Botox Cosmetic (onabotulinumtoxinA) just became the only FDA approved drug treatment option for the temporary improvement in the appearance of moderate to severe crow’s feet, in adults.
The FDA approved Botox Cosmetic in 2002 for the temporary improvement of frown lines in the brow. Injections for both can be given simultaneously.
“This additional indication will provide people with a new FDA approved treatment option for those seeking a smoother appearance by temporarily minimizing the appearance of crow’s feet at the sides of the eyes,” said Susan Walker, M.D., director of the Division of Dermatology and Dental Products in the FDA’s Center for Drug Evaluation and Research.
Botox and Botox Cosmetic, have also been approved by the FDA for the treatment of chronic migraine, severe underarm sweating, eyelid spasm (blepharospasm) and misalignment of the eyes when one or both eyes turn inward or outward (strabismus).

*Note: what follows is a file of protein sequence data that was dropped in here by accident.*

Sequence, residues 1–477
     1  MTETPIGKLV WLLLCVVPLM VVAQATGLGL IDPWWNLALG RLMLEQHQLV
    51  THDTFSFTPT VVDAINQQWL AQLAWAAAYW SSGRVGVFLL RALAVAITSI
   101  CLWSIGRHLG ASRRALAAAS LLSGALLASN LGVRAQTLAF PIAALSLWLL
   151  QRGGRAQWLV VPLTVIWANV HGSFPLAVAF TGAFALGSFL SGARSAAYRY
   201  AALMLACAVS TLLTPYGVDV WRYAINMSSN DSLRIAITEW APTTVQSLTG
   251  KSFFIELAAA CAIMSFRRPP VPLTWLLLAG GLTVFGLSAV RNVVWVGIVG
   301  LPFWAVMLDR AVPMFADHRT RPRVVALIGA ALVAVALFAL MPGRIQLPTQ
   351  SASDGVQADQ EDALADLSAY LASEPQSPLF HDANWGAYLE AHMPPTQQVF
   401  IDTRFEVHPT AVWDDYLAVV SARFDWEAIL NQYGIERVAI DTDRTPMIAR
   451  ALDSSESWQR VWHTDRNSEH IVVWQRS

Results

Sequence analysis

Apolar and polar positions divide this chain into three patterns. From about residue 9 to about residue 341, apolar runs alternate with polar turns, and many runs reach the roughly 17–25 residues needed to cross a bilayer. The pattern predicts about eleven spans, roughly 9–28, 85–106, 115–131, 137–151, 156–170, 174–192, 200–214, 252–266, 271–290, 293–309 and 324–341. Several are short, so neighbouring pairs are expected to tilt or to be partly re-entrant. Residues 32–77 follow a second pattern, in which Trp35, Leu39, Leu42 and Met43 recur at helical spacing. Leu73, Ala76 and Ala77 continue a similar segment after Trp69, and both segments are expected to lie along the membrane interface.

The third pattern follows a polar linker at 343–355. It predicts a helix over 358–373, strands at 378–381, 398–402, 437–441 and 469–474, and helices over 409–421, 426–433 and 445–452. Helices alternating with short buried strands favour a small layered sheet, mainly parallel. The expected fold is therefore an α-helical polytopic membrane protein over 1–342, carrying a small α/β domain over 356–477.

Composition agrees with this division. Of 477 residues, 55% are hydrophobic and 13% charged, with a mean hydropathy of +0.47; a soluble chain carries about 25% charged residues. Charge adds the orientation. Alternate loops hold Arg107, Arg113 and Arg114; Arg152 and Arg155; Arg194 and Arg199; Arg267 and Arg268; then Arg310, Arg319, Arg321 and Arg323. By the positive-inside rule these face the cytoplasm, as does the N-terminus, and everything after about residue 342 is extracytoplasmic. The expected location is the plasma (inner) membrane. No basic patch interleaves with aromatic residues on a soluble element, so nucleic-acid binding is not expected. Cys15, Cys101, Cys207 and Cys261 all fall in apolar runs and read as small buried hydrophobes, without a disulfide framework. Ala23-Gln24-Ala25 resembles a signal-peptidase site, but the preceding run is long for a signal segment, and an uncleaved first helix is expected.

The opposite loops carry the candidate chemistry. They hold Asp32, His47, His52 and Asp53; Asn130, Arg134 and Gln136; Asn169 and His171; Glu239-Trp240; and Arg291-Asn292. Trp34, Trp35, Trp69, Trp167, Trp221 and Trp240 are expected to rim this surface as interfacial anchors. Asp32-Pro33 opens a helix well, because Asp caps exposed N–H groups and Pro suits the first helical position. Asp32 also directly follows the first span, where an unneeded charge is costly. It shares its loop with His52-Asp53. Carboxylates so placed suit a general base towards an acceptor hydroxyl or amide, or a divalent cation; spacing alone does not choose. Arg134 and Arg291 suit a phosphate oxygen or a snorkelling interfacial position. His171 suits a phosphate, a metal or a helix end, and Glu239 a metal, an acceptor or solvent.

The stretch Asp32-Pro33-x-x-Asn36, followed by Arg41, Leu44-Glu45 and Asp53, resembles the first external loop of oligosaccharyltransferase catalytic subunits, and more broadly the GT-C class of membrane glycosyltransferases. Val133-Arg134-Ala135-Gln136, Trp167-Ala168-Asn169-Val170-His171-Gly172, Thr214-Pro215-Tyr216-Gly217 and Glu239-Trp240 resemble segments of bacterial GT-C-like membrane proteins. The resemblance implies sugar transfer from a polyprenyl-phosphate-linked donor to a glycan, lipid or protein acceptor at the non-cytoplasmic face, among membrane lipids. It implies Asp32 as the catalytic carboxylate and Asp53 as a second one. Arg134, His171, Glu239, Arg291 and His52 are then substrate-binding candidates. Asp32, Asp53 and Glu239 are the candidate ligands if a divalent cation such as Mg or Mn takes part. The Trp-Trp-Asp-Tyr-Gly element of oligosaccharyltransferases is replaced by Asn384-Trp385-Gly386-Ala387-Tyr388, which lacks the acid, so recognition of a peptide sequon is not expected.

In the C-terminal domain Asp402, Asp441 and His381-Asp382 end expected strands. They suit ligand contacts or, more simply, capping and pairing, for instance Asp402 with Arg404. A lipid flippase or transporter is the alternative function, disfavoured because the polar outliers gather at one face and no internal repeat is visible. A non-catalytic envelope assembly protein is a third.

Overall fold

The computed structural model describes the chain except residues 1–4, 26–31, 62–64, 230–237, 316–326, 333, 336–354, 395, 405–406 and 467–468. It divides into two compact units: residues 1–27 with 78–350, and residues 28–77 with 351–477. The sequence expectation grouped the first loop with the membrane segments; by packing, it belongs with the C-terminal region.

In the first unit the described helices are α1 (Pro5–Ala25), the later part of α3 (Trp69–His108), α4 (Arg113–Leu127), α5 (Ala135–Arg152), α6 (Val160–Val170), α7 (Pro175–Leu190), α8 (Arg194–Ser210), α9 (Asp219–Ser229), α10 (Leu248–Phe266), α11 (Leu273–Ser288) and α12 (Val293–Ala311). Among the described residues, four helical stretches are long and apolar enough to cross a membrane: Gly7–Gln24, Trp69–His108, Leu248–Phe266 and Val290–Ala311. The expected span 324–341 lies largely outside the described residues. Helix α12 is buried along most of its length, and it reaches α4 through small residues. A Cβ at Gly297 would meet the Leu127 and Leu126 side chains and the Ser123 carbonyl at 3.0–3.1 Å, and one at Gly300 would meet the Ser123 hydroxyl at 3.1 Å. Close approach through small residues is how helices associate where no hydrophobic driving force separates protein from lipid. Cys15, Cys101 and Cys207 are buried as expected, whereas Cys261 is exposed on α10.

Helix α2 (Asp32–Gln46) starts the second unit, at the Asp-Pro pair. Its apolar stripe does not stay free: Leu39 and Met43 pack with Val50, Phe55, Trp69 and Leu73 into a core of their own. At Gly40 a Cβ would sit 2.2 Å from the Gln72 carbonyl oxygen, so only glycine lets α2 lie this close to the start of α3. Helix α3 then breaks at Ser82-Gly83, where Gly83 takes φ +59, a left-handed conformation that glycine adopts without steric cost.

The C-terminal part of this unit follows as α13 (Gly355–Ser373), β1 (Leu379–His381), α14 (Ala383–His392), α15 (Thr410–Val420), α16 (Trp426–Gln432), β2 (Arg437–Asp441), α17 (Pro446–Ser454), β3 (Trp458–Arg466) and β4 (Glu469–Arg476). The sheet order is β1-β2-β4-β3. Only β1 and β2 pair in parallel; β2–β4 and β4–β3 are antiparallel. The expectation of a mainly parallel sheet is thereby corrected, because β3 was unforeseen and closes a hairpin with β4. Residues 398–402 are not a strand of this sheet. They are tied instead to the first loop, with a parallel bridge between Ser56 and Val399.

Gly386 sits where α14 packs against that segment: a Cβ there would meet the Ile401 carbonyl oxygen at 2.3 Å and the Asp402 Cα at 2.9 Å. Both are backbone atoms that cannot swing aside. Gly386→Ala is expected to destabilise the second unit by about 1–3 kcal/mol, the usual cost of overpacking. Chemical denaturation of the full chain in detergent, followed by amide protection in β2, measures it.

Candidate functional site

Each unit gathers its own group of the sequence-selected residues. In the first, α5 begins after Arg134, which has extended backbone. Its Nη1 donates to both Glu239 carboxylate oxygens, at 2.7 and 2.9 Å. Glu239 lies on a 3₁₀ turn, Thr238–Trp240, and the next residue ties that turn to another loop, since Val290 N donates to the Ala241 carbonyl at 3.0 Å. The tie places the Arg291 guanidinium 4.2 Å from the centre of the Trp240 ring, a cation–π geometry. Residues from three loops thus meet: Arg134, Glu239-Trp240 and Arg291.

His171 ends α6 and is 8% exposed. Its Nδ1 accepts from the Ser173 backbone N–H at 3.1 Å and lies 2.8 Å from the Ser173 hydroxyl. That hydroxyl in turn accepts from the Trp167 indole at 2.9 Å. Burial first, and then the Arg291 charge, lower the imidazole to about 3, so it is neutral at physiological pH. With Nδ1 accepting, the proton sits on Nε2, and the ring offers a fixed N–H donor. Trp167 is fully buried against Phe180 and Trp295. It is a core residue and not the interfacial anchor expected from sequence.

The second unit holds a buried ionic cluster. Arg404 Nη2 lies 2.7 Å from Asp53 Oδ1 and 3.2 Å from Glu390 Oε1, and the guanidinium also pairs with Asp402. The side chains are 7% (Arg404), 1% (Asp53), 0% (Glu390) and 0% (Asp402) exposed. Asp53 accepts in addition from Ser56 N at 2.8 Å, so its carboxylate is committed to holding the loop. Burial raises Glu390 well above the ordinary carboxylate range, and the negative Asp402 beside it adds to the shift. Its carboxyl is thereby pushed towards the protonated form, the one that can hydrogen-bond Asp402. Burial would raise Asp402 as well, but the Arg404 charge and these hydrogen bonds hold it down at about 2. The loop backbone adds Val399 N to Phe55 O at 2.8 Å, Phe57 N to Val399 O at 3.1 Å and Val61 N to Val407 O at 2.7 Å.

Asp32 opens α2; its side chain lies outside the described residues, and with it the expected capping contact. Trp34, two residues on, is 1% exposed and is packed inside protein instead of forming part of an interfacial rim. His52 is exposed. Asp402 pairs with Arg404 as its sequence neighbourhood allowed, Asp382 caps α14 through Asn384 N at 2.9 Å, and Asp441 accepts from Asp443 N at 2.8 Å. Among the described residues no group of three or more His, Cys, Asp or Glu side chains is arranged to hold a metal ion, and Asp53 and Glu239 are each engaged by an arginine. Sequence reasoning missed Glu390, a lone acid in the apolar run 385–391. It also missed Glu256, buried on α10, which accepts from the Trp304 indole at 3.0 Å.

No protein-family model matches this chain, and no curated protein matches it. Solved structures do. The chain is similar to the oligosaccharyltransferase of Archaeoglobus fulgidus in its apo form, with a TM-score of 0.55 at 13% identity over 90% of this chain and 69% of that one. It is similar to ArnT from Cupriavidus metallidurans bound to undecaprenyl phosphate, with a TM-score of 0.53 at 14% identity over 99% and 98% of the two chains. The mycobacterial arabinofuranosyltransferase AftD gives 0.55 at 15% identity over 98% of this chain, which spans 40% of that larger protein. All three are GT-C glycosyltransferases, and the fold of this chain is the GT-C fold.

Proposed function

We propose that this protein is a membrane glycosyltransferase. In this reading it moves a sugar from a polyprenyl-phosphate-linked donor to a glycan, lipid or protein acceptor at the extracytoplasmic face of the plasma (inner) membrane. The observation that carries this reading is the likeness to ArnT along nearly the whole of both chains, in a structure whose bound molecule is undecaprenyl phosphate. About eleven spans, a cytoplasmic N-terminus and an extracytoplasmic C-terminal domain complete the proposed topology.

The most common adverse reaction associated with the use of Botox Cosmetic for treatment of lateral canthal lines crow’s feet) is eyelid edema, a condition in which the eyelids become swollen and contain excessive fluid. However, both come with boxed warnings stating that “the effects of the botulinum toxin may spread from the area of injection to other areas of the body, causing symptoms similar to those of botulism” These include swallowing and breathing difficulties that can be life-threatening.
Anyone experiencing adverse reactions from the use of Botox Cosmetic can report them to the FDA’s MedWatch Adverse Event Reporting program at www.fda.gov/MedWatch2 or by calling 800-FDA-1088.